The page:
Ah, I see. What I was thinking of was a situation where one cares less about identity, and more about the encryption. For example, nessus generates a self signed certificate to secure its web portal logins. –  Sean W. Oct 8 '12 at 20:18
    
The only goal of a certificate is to prove identity. Self signed certificates are signed by a secret private key and in this way prove identity (albeit only to someone who trusts the owner of that secret private key). –  David Wachtfogel Oct 8 '12 at 20:27
    
I agree with your answer. However your last comment is a bit off. Proof of identity is not a core feature of a certificate. If it was you wouldn't be able to install certs in a web farm crossing global boundaries. Quite frankly, they don't even prove the "owner" of said cert is who they say they are. Hence the reason for "extended validation". A cert is 100% about attempting to protect data while it is in motion between site A and site B; it can't do anything else. Even that protection has a limited life span; sometimes quite long, but it should still be noted. –  Chris Lively Oct 8 '12 at 21:56

There are a lot of legal issues at play and IANAL.

The thing to remember is that devices are sold in a lot of different countries. Many of these have a severe lack of privacy laws, or more accurately, laws in place to ensure that electronic privacy doesn't exist for their citizens.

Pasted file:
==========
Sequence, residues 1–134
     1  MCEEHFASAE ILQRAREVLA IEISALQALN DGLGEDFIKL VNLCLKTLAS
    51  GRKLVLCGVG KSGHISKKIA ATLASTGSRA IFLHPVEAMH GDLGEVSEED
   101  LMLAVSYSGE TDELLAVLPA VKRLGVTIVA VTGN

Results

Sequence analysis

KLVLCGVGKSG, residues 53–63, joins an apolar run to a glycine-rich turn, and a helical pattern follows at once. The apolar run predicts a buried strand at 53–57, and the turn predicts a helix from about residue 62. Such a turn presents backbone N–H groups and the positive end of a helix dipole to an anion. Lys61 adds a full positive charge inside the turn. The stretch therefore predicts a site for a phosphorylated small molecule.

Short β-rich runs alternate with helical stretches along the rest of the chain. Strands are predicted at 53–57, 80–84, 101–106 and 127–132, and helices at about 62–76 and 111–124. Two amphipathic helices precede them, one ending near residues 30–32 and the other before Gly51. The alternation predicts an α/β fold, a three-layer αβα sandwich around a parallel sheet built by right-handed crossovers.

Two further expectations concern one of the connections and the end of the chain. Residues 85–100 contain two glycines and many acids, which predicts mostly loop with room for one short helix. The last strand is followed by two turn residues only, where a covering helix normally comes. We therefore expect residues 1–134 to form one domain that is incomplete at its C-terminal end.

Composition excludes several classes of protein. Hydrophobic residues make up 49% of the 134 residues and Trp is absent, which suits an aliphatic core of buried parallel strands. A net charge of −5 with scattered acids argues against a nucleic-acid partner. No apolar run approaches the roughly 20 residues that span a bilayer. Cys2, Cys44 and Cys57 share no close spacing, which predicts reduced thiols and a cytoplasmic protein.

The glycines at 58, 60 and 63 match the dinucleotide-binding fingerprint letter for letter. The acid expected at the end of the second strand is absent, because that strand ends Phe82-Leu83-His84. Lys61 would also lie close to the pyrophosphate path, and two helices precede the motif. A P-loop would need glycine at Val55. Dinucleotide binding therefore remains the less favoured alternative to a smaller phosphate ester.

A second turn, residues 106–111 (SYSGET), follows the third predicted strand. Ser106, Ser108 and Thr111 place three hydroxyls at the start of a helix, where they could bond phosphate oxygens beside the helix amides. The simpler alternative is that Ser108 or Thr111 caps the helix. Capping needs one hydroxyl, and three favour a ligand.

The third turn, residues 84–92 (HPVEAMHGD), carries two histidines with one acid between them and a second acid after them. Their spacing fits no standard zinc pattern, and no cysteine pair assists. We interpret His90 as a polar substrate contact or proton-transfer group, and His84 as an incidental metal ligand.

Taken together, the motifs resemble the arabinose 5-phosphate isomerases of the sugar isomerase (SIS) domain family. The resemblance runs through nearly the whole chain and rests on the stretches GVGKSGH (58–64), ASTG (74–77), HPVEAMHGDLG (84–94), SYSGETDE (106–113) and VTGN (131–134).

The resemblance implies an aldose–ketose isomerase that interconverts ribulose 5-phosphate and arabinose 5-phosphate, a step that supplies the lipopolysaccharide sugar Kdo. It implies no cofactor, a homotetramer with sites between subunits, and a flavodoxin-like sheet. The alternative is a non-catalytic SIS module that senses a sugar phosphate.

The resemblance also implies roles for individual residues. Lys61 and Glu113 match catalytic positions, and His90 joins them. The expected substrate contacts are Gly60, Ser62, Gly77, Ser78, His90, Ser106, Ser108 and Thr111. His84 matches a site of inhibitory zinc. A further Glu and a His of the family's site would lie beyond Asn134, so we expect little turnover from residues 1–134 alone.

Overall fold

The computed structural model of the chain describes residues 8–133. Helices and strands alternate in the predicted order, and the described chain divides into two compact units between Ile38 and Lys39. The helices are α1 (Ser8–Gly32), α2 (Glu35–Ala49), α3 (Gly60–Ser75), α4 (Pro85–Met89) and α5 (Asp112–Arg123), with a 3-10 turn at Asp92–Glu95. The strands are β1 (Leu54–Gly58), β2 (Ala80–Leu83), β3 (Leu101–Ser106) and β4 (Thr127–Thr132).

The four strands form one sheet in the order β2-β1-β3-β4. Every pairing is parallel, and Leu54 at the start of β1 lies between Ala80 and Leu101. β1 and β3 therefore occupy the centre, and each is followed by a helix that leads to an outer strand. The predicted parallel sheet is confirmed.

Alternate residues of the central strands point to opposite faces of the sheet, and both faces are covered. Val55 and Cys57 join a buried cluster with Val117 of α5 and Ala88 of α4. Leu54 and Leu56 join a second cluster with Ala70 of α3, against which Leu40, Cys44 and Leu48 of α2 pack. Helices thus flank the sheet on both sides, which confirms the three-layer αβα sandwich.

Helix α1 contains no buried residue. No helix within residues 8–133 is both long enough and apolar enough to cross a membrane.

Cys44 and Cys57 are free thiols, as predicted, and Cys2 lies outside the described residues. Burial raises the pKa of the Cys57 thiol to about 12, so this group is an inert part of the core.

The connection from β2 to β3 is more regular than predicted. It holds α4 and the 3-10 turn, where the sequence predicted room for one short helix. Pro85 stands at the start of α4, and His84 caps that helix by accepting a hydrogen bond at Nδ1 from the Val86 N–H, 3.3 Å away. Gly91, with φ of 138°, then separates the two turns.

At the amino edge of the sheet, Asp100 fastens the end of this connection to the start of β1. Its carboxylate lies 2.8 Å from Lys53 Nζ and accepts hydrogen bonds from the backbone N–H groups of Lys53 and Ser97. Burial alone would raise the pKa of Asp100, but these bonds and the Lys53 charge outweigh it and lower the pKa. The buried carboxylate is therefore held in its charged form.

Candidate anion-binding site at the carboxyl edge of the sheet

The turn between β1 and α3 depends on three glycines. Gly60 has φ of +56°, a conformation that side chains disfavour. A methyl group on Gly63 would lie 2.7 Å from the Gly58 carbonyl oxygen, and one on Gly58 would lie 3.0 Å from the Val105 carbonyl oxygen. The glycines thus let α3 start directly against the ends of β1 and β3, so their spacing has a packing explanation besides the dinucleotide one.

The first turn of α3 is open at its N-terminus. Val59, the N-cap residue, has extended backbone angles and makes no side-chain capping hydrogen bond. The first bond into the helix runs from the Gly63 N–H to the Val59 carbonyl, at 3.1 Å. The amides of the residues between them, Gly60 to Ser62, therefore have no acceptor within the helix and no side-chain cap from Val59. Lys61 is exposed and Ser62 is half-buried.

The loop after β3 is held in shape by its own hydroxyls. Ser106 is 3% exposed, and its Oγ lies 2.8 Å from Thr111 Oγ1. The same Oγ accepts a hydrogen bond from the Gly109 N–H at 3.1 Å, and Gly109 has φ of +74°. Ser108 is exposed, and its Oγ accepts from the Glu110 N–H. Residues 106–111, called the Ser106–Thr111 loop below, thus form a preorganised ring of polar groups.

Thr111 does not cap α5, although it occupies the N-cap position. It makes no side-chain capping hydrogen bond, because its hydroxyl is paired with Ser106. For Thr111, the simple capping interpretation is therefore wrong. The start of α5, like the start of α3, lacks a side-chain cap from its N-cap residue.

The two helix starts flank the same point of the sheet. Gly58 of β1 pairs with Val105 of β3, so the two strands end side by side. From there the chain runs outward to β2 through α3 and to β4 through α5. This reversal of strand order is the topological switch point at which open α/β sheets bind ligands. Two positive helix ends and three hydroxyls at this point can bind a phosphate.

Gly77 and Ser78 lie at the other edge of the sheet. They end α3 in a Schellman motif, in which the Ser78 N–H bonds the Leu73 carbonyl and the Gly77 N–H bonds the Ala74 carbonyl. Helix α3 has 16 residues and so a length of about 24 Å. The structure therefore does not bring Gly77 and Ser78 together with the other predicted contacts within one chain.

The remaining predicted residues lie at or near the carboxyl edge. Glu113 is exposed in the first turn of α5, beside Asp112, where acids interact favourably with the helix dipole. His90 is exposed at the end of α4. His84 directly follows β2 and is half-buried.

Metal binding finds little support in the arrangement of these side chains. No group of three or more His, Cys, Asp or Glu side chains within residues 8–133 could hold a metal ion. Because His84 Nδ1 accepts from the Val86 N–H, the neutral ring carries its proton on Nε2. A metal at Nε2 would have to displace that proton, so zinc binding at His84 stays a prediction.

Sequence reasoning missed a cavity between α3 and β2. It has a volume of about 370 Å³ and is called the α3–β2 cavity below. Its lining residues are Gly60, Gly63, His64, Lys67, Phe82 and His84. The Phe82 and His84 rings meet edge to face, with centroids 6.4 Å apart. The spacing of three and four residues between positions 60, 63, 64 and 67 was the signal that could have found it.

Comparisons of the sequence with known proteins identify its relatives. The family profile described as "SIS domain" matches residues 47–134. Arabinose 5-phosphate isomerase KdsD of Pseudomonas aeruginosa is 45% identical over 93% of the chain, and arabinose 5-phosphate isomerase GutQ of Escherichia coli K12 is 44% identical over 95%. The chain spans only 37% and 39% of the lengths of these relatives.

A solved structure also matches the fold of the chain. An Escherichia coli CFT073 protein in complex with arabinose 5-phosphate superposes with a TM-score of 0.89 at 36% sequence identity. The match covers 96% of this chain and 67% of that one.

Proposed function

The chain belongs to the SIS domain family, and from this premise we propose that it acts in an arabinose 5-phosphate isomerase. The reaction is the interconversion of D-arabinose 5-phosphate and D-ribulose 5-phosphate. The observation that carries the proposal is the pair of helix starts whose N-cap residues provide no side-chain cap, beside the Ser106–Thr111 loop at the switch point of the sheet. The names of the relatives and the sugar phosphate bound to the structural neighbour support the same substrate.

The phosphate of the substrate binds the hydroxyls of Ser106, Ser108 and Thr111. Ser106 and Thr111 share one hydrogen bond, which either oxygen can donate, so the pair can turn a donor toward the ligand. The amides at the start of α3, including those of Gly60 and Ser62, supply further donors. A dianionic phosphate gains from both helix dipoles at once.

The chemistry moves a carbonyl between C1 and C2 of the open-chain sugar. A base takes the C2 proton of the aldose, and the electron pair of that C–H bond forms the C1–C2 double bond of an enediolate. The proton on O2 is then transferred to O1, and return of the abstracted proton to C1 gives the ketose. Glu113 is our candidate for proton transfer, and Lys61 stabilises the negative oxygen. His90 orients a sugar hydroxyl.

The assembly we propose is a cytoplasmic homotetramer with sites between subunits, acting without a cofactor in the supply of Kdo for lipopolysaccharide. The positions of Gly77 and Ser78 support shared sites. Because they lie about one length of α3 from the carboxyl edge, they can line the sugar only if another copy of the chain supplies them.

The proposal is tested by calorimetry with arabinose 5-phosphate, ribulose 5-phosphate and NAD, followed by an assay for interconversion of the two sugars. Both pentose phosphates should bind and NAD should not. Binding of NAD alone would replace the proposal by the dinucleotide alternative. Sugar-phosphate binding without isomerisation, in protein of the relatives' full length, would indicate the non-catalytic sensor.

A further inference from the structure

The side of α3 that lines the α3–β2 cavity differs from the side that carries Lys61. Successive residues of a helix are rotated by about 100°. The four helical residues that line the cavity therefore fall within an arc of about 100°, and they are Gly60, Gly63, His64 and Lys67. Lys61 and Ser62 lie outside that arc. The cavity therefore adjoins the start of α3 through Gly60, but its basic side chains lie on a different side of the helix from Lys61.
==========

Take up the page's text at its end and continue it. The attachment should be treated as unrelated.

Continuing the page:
If the devices were to create their own private keys, then it would make meeting the demand that the traffic be decryptable by authorities problematic. You would have to setup a central server and have those keys transferred to that server anyway, thereby reducing their effectiveness.

Also, if someone else found out that the private keys were being transferred out (or worse, that server was hacked) then the company in question would face a lot of criticism by the media in countries that do provide for some forms of electronic privacy..

Global companies have to walk a serious tight rope that unfortunately means they simply can't follow best practices with regards to security without either preventing sales of their devices in the offending countries or facing criminal charges. If they decide not to play in those countries, then their market share is limited AND not seen as a "global" player which is a whole other marketing problem.

It's really a catch 22. Even service providers such as FB, Twitter, Google and others have faced fines, censure and serious legal issues in places ranging from Brazil to Iran. Heck, even the UK and the US have laws in place that, depending on circumstance, your communications and usage history must be exposed in the clear.